Last night, I was at a party thrown by a friend of mine.
This friend of mine lives at a house that has a potluck dinner most Wednesday evenings; I live three blocks away, so I go fairly often. I wasn't there last Wednesday, though, because it had been a long day and I was tired.
(Often there inadvertently seems to be a "theme" to the potluck despite nobody actually trying to do this, because pretty much any interesting-seeming coincidence counts. Last week it was the "night of the seven grains", as the seven people there brought dishes with seven different grains -- normal rice, arborio rice, buckwheat, wheat, two that I don't remember, and corn. Yeah, yeah, I know, you're thinking that arborio rice is rice. The point here is that if one interprets things widely enough there's always some sort of coincidence -- lots of today's foods are rectangular, or are yellow, or whatever. I think we once even said that the theme was "things with spices in them".)
While I wasn't there on Wednesday, people apparently came to discussing the existence of "some sort of crazy triangle fractal thing", and they had lamented that I wasn't there. I was eventually able to figure out that they were talking about the Sierpinski gasket, which is obtained by taking an equilateral triangle, removing a smaller triangle (half the size) from the middle to obtain three triangles with half the side length of the original triangle, and repeating ad infinitum. Click here for an illustration.
While this is nice, my favorite way to think of the Sierpinski gasket is via the so-called chaos game (more formally, an "iterated function system"), which is animated here. Start by picking three points (call them the red, yellow, and blue points) in the plane, and a random point x0 in the triangle which they bound. Plot that random point. Now, pick one of the three corner points (red, yellow, or blue) at random, each with probability 1/3; then pick the point halfway between x0 and that corner point, and call it x1. Pick a corner point again at random; the point halfway between x1 and that corner point is x2. Do this a thousand times or so and you get a nice picture. An applet showing more examples of such iterated function systems is available at cut-the-knot.org.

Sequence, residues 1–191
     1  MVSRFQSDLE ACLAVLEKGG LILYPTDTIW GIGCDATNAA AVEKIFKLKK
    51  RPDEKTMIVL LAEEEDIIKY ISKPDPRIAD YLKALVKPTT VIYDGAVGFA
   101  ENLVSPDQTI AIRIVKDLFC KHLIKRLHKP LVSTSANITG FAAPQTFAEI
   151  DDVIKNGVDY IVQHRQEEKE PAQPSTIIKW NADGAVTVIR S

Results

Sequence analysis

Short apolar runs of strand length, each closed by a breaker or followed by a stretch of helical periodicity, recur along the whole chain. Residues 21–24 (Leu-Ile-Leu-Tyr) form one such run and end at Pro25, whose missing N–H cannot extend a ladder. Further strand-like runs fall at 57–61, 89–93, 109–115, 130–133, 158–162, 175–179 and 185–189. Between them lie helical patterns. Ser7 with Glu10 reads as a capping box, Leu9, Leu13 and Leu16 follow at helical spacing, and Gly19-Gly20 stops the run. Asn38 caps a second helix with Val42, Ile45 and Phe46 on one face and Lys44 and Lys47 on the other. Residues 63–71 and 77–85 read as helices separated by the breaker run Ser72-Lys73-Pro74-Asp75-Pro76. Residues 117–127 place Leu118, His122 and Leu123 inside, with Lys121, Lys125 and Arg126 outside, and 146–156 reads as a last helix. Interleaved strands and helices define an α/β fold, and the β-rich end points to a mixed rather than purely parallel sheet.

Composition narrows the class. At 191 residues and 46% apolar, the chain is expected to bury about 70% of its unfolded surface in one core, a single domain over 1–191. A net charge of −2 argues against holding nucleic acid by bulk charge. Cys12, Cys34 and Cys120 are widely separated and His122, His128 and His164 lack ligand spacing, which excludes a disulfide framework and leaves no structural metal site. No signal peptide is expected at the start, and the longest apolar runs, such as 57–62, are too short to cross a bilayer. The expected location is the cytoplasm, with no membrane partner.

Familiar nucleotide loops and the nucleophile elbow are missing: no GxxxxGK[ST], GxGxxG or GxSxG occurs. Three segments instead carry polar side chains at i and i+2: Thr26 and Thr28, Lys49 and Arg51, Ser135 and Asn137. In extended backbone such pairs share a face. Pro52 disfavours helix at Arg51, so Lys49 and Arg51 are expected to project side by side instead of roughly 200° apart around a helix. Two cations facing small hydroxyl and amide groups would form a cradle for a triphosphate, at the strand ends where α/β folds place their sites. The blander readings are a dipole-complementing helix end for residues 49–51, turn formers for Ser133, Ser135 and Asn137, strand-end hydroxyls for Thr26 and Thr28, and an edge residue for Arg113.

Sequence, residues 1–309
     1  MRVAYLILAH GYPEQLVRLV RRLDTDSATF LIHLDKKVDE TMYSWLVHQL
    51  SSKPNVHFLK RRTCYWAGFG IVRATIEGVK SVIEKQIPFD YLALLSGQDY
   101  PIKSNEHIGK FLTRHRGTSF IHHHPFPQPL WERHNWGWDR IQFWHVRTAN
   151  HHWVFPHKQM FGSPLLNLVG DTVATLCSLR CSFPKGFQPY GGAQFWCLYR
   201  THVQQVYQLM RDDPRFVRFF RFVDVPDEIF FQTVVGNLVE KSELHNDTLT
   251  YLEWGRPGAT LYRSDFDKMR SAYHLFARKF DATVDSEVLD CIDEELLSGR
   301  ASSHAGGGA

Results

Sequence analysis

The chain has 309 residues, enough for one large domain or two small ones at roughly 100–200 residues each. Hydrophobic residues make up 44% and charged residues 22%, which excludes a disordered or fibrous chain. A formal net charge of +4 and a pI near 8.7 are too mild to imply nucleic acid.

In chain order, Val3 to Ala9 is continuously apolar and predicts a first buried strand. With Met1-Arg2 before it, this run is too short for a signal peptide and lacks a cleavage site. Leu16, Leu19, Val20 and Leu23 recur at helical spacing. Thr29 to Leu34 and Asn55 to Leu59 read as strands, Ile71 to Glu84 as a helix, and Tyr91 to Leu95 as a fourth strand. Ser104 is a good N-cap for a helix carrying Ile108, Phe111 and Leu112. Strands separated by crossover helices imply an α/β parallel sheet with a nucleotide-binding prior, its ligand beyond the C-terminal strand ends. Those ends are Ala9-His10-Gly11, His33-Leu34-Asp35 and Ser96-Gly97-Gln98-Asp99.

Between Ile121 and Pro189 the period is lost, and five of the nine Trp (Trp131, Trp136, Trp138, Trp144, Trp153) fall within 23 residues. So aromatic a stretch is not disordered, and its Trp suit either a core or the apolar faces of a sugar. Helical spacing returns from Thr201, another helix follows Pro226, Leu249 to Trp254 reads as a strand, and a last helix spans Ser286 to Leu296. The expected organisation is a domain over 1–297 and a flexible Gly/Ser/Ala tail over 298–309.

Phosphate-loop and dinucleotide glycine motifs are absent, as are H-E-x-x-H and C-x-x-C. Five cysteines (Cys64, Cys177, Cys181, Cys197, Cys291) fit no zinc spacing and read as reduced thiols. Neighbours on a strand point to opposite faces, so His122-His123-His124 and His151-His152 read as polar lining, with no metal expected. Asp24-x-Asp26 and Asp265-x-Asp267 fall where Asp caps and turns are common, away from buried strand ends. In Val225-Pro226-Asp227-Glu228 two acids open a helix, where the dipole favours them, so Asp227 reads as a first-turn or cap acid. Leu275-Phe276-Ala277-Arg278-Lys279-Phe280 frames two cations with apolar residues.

Why does this work? Basically, if you take the whole Sierpinski gasket, and contract it by a factor of two towards one of its edges, you get one of its three self-similar parts; call these the "red", "yellow", and "blue" parts, as in the picture at left. Now, x0 is some distance d from the gasket; the distance from x1 to the gasket is d/2, the distance from x2 to the gasket is d/4, and so on -- thus as the sequence is generated we get points closer and closer to the gasket. The gasket has measure zero, so with probability one we never actually end up with a point in it -- but we end up as close as we like after a very short time.
Although I'm not an expert in this, from some crude experimentation it looks like if you replace "each with probability 1/3" above with some other distribution, you end up with a gasket that is much more concentrated near the corners that you go to with high probabilities.
Edited, 5:06 pm: other surprising places where fractals appear include in the study of fast algorithms for multiplication (which also includes an explanation of the multiplication bug in Excel 2007), found via Good Math, Bad Math.